Sunday, March 27 – Another Day, Another Radiation Spike: Workers Evacuated from Part of Plant

March 27, 2011

When your geiger counter needle nails to the top of the scale, it’s time to pull back.

NYTimes reports:

The concerns began when a worker attempting to measure radiation levels of the water puddles there saw the reading on his dosimeter jump beyond 1,000 millisieverts, the highest reading. The worker left the scene immediately, said Takeo Iwamoto, a spokesman for the Tokyo Electric Power Co., the operator of the Fukushima plant.

Michiaki Furukawa, a nuclear chemist and board member of the Citizens’ Nuclear Information Center, a Tokyo-based watchdog group, said exposure to 1,000 millisieverts an hour of radiation would induce nausea and vomiting, while levels between 3,000 to 5,000 millisieverts an hour could be lethal.

Such high amounts of radiation would clearly make continued recovery work near the reactor very difficult and could hobble attempts to bring the nuclear crisis under control. Tetsuo Iguchi, a professor in the department of quantum engineering at Nagoya University, said that at the sharply elevated levels of radiation, workers would be able to remain on site for only about 15 minutes before health considerations required them to leave.

The Japanese government’s top spokesman, Yukio Edano, told an afternoon press briefing Sunday that it appeared the radioactive puddles had developed when the No. 2 unit’s fuel rods were exposed to air, but that “we don’t at this time believe they are melting. We’re confident that we are able to keep them cool.”

Voice of America – “Confusion reigned”:

Confusion reigned Sunday at a crippled nuclear power plant in northeastern Japan, as emergency workers were pulled from a reactor building after dangerously high levels of radiation were detected in water that had accumulated in a turbine housing unit.

A spokesman for the operator of the Fukushima-Daiichi power plant originally told reporters that radiation had spiked 10 million times the normal levels Sunday, driving workers to flee the facility.  Authorities later said those radiation readings were not accurate and that new tests had been ordered.

Officials say they also detected heightened levels of radioactive iodine in Pacific Ocean water within 300 meters of the plant.  The nuclear safety agency said one-half a liter of the water contains the same amount of radiation that a person can safely be exposed to in a year.

However, officials at the agency said the ocean will quickly dilute the worst contamination, and that there is no immediate threat to marine life or seafood safety.

Contaminated seawater is the latest indication that radiation from the plant is spreading.  Heightened levels of radioactive substances also have been found this past week in the water supply in Tokyo and nearby areas.  Radiation has been found in vegetables and milk from farms near Fukushima, prompting several countries to ban imports of food from the region.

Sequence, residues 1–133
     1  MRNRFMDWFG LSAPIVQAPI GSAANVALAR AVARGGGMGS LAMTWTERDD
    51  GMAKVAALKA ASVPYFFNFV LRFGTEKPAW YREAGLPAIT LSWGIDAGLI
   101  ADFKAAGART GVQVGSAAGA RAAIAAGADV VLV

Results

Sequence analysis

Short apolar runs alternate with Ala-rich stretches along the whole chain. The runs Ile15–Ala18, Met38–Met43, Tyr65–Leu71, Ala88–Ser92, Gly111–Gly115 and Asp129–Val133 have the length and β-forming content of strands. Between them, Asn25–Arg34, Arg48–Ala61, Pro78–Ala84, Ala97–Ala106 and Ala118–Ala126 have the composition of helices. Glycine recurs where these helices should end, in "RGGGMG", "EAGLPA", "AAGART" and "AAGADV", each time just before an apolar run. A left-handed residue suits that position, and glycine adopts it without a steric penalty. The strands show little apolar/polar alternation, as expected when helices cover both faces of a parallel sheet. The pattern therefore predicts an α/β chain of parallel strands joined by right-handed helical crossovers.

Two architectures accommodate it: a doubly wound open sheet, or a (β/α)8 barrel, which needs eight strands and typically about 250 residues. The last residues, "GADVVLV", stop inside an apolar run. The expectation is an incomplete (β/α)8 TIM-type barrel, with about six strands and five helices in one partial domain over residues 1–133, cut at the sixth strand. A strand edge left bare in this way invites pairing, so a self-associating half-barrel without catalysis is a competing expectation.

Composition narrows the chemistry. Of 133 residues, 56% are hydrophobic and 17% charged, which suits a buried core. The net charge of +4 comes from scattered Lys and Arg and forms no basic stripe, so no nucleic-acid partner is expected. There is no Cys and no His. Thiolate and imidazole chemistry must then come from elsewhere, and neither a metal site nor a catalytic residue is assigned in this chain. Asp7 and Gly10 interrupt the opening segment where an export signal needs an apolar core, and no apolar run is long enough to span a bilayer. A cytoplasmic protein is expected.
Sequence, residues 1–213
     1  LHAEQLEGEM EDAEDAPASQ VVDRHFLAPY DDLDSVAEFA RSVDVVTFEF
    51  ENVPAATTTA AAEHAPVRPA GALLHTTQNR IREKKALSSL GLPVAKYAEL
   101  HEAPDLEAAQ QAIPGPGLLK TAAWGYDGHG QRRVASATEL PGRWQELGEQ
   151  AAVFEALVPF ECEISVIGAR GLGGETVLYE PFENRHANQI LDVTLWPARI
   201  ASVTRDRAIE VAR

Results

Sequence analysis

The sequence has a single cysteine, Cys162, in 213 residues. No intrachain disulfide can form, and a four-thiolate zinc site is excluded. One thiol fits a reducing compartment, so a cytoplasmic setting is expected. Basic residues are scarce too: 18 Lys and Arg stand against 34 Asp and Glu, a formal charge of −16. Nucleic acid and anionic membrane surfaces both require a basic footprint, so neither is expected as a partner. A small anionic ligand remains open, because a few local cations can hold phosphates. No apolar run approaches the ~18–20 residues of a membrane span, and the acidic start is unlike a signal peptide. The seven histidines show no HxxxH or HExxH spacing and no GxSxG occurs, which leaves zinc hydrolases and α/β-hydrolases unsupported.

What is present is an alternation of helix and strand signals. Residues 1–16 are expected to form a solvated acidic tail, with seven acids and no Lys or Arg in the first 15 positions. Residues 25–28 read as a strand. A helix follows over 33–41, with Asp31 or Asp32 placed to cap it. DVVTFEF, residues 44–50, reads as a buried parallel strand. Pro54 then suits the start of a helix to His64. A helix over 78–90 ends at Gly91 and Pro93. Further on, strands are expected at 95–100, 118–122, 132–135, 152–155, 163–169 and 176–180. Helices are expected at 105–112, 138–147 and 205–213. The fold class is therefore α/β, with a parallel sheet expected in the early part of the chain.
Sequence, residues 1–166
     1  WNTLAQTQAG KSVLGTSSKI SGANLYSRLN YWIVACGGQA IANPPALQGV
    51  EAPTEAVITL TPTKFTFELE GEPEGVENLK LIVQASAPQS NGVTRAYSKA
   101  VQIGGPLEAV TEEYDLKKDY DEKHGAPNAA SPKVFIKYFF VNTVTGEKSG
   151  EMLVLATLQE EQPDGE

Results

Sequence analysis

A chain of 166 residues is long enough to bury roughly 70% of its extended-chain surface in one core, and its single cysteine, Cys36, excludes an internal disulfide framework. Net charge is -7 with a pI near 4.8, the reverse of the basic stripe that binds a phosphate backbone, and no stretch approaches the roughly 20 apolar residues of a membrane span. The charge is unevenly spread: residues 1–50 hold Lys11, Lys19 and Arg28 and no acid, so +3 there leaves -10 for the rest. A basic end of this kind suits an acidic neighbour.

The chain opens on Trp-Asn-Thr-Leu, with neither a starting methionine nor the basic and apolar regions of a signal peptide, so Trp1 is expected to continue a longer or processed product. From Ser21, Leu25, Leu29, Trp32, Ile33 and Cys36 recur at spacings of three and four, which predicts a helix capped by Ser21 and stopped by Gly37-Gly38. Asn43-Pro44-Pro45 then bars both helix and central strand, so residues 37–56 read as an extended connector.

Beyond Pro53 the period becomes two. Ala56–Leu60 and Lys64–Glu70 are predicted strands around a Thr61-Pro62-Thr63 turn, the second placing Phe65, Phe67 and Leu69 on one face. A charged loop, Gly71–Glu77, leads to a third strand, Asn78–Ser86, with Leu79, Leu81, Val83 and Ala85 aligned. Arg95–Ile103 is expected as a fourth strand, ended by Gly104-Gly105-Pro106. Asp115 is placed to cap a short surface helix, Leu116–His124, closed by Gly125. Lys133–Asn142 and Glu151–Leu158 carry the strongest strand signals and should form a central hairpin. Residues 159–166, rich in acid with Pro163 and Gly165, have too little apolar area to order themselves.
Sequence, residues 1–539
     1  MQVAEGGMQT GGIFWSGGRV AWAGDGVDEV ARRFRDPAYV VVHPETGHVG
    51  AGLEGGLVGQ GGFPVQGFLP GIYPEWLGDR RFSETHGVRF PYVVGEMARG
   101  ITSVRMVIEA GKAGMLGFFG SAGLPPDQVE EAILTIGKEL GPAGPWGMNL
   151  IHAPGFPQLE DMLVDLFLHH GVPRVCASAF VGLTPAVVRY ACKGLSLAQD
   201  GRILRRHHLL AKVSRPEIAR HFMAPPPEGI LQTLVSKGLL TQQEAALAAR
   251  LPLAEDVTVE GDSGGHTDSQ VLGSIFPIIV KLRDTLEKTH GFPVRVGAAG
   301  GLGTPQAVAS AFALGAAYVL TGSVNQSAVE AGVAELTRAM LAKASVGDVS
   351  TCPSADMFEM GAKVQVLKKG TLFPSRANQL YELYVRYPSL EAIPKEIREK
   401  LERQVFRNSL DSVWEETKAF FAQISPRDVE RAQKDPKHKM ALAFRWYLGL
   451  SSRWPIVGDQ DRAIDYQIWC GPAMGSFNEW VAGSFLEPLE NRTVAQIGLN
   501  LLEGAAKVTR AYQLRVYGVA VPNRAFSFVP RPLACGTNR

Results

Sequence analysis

The Seafood issue remains underreported, as Japan’s reliance on seafood makes radiation in the ocean foodchain a critical issue for the country, yet most reports simply parrot the official line that most radiation from the plant is going “away”, out to see. The Times made brief mention of the problem with bio-accumulating nuclides today:

The elevated levels of radiation at and around the Fukushima plant will require careful monitoring of seafood in Japan, said Kimberlee J. Kearfott, a professor of nuclear engineering and radiological sciences at the University of Michigan.

“It is extremely important that seafood be carefully monitored,” she said in an e-mail. “This is because many of the radionuclides are concentrated in the environment,” she added. “For example, iodines are concentrated in kelp (a Japanese food, seaweed) and shrimp.

“Iodines, cesium and strontium are concentrated in other types of seafood,” she continued. “Fish can act like tea or coffee presses. When you push down the plungers, the grounds all end up on one side. In this case, that is the fish.”

Wiki  defines bio-accumulation:

Bioaccumulation refers to the accumulation of substances, such as pesticides, or other organic chemicals in an organism. [1] Bioaccumulation occurs when an organism absorbs a toxic substance at a rate greater than that at which the substance is lost. Thus, the longer the biological half-life of the substance the greater the risk of chronic poisoning, even if environmental levels of the toxin are not very high.[2]





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